Asus recently announced the Xtreme Design motherboard series, a new designation the company claims denotes "ground-breaking design innovations." The P6TD Deluxe will be one of Asus' existing boards to receive the Xtreme makeover.
One of those "innovations" comes in the form of improved cooling. Dubbed "Stack Cool3," Asus says it re-engineered the original copper cooling solution found on the P5E64 WS motherboard with an enhanced PCB layer, a move Asus claims will result in substantially improved heat dissipation.
Also traits of the Xtreme Design series, designated boards will feature an improved phase design, Turbo V overclocking for "an overwhelming boost of up to 51 percent in processing throughput," and more stringent Electromagnetic Interference (EMI) testing.
Rifling through the box that the Intel DX58SO “Smackover” board came in, we were surprised not to find “love” and “hate” brass knuckles, because the motherboard definitely conjures feelings of both extremes.
If you think we’re being disrespectful, just take one look at the board’s SATA ports. That will tell you that somebody at Intel still doesn’t know that today’s graphics cards are big, huge, honking affairs. Since Intel oriented all the SATA ports vertically, you’ll have a hell of a time accessing the ports with a dual-slot GPU parked overhead.
And if that doesn’t make you bust out the hate knuckles, the memory slots might. We’ve seen four previous boards for the Core i7—two from Asus, one from DFI, and an MSI mobo—and all have had six DIMM slots so you could run up to 12GB of RAM and maintain tri-channel mode. Not Intel’s.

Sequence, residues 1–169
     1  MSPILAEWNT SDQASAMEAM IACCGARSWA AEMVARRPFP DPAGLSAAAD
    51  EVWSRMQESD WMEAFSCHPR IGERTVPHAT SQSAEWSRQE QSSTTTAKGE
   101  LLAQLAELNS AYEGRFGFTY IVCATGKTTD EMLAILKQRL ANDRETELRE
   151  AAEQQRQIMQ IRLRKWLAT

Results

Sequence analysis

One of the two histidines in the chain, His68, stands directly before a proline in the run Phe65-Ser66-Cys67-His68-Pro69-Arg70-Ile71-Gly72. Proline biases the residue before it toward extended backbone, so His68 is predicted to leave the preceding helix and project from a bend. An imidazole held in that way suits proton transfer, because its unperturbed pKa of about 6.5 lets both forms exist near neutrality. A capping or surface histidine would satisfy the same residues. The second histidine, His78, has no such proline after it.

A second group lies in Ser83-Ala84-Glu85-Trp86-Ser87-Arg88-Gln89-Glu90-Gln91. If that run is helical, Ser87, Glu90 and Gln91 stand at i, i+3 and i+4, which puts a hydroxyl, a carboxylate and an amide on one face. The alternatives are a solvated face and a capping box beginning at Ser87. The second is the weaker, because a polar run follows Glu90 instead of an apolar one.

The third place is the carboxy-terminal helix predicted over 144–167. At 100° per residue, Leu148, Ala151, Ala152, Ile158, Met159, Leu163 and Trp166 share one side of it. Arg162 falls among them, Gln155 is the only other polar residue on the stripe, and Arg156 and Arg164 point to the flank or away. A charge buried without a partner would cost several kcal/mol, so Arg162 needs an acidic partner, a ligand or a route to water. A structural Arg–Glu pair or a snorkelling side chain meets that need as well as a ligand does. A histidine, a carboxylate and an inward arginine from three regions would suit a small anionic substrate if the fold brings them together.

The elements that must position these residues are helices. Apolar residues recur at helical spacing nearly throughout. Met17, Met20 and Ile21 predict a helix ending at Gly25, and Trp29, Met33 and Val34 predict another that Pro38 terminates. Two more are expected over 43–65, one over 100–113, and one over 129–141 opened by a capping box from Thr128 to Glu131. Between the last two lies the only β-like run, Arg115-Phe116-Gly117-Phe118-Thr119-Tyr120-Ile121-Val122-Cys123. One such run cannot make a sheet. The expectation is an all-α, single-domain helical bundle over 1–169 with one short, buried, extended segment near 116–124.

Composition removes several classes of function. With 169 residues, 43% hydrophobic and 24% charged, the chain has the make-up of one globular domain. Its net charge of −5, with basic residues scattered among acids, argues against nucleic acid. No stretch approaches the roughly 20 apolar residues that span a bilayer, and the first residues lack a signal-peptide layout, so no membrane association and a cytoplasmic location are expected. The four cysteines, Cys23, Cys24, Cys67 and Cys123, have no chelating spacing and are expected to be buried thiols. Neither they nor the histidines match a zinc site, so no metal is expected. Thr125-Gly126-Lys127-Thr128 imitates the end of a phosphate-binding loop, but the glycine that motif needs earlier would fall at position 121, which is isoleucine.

If imitation is the sincerest form of flattery, then Gigabyte should be blushing. Why? Because Asus, highly regarded among power users for the company's high-end motherboards, has taken a page from Gigabyte and quietly outfitted some of its motherboards with 2-ounce copper PCBs (printed circuit boards).
Well over half of Gigabyte-brand motherboards shipped during the week before Computex were 2-ounce copper, and by the end of the year, Gigabyte predicts the copper design will account for 80 percent of its boards. But what's interesting about Asus following suit is that Asrock, an Asus subsidiary, at one time decried Gigabyte's copper design as completely unnecessary.
Asrock went on a rampage sending out PowerPoint presentations to the press that not only said a 2-ounce copper design didn't benefit cooling, but was actually harming the environment as well. Funny how watching another company gain marketshare can change one's perspective, isn't it?
EVGA set out to prove it's not the size of the motherboard that matters, but how you use it. And with the release of the X58 SLI Micro, you can use any speed grade Core i7 processor you want along with a pair of Nvidia graphics cards all in a micro-ATX package.
In addition to 2-way SLI support, the new mobo also crams 6 DDR3 memory slots (supporting up to 12GB of triple channel DDR3-1600MHz+) and 6 SATA II 3GB/s ports onto the mATX board. Other features include 100-percent solid state capacitors, VDroop control, an onboard temperature monitor, support for up 12 USB ports, a single LAN port, a passive heatsink for cooling the chipset, RAID 0/1/0+1/5 and JBOD support, and 8-channel onboard audio, all decked out in a red and black color theme.
Let's get this out of the way right off the bat - Asus launched its P6T7 WS SuperComputer motherboard in mid-March, so technically it's not 'new.' But there's no splitting hairs about this workstation board being one of the baddest mobos around thanks to a whopping seven PCI-E x16 slots. Yes, we said SEVEN!
While there's nothing to stop a power user from building a truly brag worthy rig with the P6T7 WS as its foundation, this motherboard was really designed for parallel computing. It's been certified for Nvidia Tesla GPU computing with support for up to three Nvidia Tesla cards and one Nvidia Quadro card. Such a configuration adds up to 960 parallel processing cores pumping out 4 freakin' teraflops of processing power, enough to qualify for a basement level supercomputer.